IBM is to transfer all its networking product business into two-tier distribution by 1998.
IBM network technology sales manager Dirk Billiaus said it was a ?question of putting a box on a shelf before Cisco does. We want to make $240 million on networking products via a two-tier channel. We are convinced we can achieve this growth.?
Ed Arnett, regional MD for Northern Europe at Azlan, said dealers stood to gain at least as much margin on the products as Azlan did (24.5 per cent gross), but he admitted not all would gladly leap in.
Speaking at a conference held last week in Nice to publicise Azlan?s signing as IBM?s third network computer distributor, Arnett said: ?There will be some predictable reactions of why me? What have I done to hurt you? Some egos will be hurt, but as long as the reseller can deliver clear added value through technical competence he?s in an invidious position. If not, he?s up against the wall and he deserves to be, because business is tough.?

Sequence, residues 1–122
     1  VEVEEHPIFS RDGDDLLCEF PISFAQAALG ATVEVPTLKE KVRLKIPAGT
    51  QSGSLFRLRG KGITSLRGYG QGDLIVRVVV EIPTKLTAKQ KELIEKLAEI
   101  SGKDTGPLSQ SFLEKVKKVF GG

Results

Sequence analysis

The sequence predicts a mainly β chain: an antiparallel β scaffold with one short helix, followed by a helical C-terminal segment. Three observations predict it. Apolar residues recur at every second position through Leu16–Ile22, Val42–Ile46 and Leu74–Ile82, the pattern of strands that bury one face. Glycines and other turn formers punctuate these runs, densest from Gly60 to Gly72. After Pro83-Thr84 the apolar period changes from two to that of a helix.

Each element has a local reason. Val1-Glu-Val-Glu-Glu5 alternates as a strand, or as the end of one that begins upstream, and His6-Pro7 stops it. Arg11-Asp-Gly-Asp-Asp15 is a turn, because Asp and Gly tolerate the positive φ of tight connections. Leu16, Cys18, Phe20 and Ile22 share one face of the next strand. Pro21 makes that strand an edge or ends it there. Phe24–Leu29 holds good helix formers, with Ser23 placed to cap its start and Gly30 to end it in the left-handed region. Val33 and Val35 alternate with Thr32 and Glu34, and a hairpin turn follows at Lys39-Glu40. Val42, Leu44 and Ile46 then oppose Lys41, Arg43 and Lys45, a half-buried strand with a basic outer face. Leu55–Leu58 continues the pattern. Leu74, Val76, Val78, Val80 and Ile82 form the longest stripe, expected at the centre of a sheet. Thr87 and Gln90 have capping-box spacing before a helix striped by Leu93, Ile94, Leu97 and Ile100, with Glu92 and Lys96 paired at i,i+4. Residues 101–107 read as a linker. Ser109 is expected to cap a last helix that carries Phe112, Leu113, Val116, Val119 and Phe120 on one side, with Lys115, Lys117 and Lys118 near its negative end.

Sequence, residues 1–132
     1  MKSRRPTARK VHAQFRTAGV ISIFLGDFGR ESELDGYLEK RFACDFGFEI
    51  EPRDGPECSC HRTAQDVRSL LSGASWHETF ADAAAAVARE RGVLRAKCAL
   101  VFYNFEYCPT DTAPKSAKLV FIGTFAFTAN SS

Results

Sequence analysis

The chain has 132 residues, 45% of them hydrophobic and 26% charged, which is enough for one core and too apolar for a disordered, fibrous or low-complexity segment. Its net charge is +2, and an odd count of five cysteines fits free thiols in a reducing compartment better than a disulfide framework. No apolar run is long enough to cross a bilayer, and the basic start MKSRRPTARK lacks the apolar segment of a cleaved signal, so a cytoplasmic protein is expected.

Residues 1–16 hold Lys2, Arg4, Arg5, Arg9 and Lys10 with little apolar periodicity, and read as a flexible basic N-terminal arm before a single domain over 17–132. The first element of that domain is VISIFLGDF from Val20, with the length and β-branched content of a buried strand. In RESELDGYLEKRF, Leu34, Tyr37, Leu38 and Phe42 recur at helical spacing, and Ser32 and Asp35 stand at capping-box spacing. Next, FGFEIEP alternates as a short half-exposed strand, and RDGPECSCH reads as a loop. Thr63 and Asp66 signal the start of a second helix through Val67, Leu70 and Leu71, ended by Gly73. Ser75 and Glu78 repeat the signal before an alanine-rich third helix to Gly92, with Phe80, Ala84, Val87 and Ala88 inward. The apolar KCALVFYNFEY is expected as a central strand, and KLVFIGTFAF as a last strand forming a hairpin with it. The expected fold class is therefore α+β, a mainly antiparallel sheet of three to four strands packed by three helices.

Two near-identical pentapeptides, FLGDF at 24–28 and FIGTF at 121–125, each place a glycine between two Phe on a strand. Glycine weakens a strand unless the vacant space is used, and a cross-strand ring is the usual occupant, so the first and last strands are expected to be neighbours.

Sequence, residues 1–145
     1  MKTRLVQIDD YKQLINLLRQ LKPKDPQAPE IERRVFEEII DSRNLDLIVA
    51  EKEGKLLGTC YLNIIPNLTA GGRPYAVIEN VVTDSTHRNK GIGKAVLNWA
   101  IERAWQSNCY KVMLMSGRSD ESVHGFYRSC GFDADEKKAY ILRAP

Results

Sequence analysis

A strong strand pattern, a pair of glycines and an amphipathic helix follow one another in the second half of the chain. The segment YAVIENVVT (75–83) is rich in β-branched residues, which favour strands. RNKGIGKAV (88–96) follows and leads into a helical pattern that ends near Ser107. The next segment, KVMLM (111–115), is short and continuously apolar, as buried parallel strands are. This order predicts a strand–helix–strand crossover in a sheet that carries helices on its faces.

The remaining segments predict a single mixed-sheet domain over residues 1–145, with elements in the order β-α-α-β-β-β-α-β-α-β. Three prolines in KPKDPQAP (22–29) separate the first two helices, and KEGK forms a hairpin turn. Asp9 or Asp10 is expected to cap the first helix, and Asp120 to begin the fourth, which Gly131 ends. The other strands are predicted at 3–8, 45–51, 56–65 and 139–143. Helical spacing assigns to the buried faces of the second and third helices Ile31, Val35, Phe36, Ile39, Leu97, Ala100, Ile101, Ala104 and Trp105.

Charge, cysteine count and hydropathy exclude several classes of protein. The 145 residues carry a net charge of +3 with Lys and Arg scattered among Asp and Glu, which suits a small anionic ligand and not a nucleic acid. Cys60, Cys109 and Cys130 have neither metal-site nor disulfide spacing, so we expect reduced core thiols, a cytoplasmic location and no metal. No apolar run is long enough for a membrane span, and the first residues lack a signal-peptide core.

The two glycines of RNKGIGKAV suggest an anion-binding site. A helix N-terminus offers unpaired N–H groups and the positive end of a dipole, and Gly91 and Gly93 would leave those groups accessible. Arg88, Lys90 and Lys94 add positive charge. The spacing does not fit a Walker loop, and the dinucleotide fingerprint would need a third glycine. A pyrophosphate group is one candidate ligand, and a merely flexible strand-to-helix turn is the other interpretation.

The two companies have developed a joint sales strategy for networking products which involves tailoring marketing plans for each reseller. ?Resellers don?t want to be lumped together with a whole load of other resellers. As a partnership we can do customised marketing programmes,? said IBM marketing manager Kevin Bishop. He warned that dealers who are purely box-shifters will get ousted from business.
IBM had four per cent of the networking market but plans to grow this to 10 per cent in 1998 by working in close partnership with Azlan to target small and medium enterprises. In the early 90s, IBM had made easy money by selling directly to its captive market, but with the emergence of Bay Networks, Cisco and 3Com it realised it had ?missed the boat?, said Bishop.
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